Five Questions: With Bret Culbertson
We're less than a week away from kickoff 2012 and Iowa State's kicking situation is still "wide open" according to head coach Paul Rhoads.
However for today, let's just assume for a minute that true freshman Cole Netten is either going to be the guy, or at least play this year for the Cyclones.
NOTE: That on Monday, Rhoads announced that junior Edwin Arceo will handle kickoff duties for Iowa State on Saturday vs. Tulsa. (These questions were written up before knowledge of a legitimate kicking competition. In no way are we attempting to leave Arceo out of the conversation.)
Cyclone Fanatic recently caught up with a guy who knows a little bit about the kicking position. That's former Cyclone Bret Culbertson. Enjoy this "Five Questions" feature with Culbertson and learn a little bit more about what it's like to be a kicker at Iowa State along the way.
CF: If you had a chance to talk to freshman Cole Netten sometime between now and kickioff, what advice would you give him regarding the situation he'll be in as a rookie during the 2012 football season?
BC: I'd tell him to embrace it, love it and just do what he does. He's done the exact same thing in high school, but now it's on a bigger stage. He's been successful at the high school level and knows he has the tools to be successful. He just has to go in with confidence and know that his team and his coaches have his back.
CF: Based off what you've seen from Netten over the years, what are his strengths as a kicker? What does he need to work on?
BC: I've worked with Cole a few times during his high school career as a coach with Kohl's Kicking Camps. From what I have seen, he's a solid ball striker with a nice fluid motion and graduated as a 5-star kicker with Kohl's Kicking Camps. He's always had college level height on field goals. I think the height will continue in college even without the aid of a field goal block. The one thing I would like to see him not do is watch the snap. I notice his eyes following the ball from the snappers hands to the block in his game film. This is not necessarily a bad thing, but in a college game things happen much faster than they do on a high school field. If you see a miscue with the snapper or holder, like a high snap or a bobbled ball, doubt can enter the mind. Do you finish the kick, or abort the mission? Once the ball is snapped you have to commit. You have to focus on your own task, and trust the snapper and holder to get it down. Despite the headlines on Sunday morning, field goal kicking IS a team effort.
Overall I think Cole has the tools to be successful and I can't wait to see Cole begin his college career. The guy has a great head on his shoulders with an awesome family as a support system. THAT is key.
CF:Netten is an Iowan. He's a cold weather guy. In your opinion, how important is it have a guy kick at a cold weather school like Iowa State, who is used to the climate?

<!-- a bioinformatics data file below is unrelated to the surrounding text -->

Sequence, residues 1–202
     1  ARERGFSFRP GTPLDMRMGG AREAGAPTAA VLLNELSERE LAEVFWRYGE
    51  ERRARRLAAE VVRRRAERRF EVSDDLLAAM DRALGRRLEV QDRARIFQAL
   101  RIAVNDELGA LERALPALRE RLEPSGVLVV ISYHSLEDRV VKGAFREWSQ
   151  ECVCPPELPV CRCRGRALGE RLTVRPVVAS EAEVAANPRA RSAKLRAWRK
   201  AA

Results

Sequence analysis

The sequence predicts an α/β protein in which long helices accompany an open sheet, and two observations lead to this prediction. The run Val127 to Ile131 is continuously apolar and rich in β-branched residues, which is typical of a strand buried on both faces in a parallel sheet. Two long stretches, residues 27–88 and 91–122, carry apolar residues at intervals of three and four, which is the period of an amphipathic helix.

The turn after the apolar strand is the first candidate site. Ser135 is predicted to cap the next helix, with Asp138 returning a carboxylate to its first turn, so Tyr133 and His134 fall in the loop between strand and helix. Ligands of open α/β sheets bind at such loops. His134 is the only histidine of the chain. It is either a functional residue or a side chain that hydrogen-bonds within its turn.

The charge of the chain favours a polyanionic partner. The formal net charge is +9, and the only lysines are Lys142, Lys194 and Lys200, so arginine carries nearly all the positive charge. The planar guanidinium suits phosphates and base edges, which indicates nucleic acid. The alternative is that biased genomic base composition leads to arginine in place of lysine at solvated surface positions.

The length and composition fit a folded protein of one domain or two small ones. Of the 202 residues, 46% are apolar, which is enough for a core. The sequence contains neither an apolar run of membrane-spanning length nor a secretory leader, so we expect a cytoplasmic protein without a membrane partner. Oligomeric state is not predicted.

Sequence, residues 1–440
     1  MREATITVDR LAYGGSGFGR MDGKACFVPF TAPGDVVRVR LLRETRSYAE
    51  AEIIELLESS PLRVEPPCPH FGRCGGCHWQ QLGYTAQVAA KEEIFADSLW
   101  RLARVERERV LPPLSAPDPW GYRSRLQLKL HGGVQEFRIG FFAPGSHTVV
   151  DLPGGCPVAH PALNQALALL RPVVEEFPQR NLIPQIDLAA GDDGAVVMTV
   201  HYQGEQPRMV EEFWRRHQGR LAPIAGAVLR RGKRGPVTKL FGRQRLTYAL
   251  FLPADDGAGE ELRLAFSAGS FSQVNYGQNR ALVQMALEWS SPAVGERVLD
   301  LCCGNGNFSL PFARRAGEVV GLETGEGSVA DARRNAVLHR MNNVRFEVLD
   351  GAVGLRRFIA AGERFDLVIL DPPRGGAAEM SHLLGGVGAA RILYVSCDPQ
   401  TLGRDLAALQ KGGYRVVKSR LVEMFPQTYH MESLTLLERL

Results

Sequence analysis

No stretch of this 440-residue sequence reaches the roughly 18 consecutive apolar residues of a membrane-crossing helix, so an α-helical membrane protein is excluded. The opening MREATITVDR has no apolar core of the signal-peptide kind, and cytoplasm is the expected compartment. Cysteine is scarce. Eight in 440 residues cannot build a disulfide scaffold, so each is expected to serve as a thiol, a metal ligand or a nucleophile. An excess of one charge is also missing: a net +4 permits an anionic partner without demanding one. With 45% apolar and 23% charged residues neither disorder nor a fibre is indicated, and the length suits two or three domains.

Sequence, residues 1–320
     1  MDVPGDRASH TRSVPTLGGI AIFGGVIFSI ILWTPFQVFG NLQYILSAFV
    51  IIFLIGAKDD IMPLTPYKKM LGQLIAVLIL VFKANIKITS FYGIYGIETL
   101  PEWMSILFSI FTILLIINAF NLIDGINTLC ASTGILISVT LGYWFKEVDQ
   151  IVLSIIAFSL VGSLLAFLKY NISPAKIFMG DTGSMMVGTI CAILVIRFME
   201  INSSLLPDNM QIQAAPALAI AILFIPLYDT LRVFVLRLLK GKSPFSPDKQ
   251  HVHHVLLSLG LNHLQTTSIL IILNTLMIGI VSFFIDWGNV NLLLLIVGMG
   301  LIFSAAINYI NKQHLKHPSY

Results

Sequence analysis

BC: It's HUGE. I like to use the example of the Green Bay specialists Mason Crosby (K) and Tim Masthay (P). They are both among the best in the league at their specialty. They can do it consistently in Green Bay's cold weather conditions, so away games down south only get better! If I were a college coach at one of these cold northern schools, I can't say that I'd ever look any further south than the Midwest for a kicker or punter. If you've handled the cold through your high school career, there's no reason why you can't during your college career.
CF: On a scale of 1-10, how big of a pain is the wind at Jack Trice Stadium for a kicker?
BC: Ohh, the jet streams of Jack Trice! Well, it depends on the day. Not only does it depend on the day, but it depends on what part of the field your on. You get days where the flags on the goal posts are dead, but there is still a breeze on the 40 yard line. You get days where you're ready to kick and you feel a slight breeze hitting you from the right, but the flags are going left. I've even seen days where the flags on the same goal posts were going two different directions. No lie. It only becomes more of a mental game when the wind gods toy with you. You just have to make your own judgement and go with it. Comparatively to the other stadiums I've been in, I'd rate it an eight.
CF: You've got some exciting things going on in your career right now. Tell us a little bit about what you're up to...
BC: Other than spending time with my wife and two kids, I currently own Level 37 Sports Video (www.level37sports.com), a video production company geared toward using professional video tools for the advancement and development of prep, college and pro athletes. We assist camps, combines and individual athletes in using video to its fullest for team and player analysis as well as exposure at the next level. We travel and serve athletes from coast to coast as well as central Iowa, and do many recruiting highlight films as well as combine workout videos for all sports. We also produce promotional video for businesses geared toward athletics. I also work with small businesses outside of athletics creating promotional, training and other video tools under the umbrella of Level 37 Media, LLC.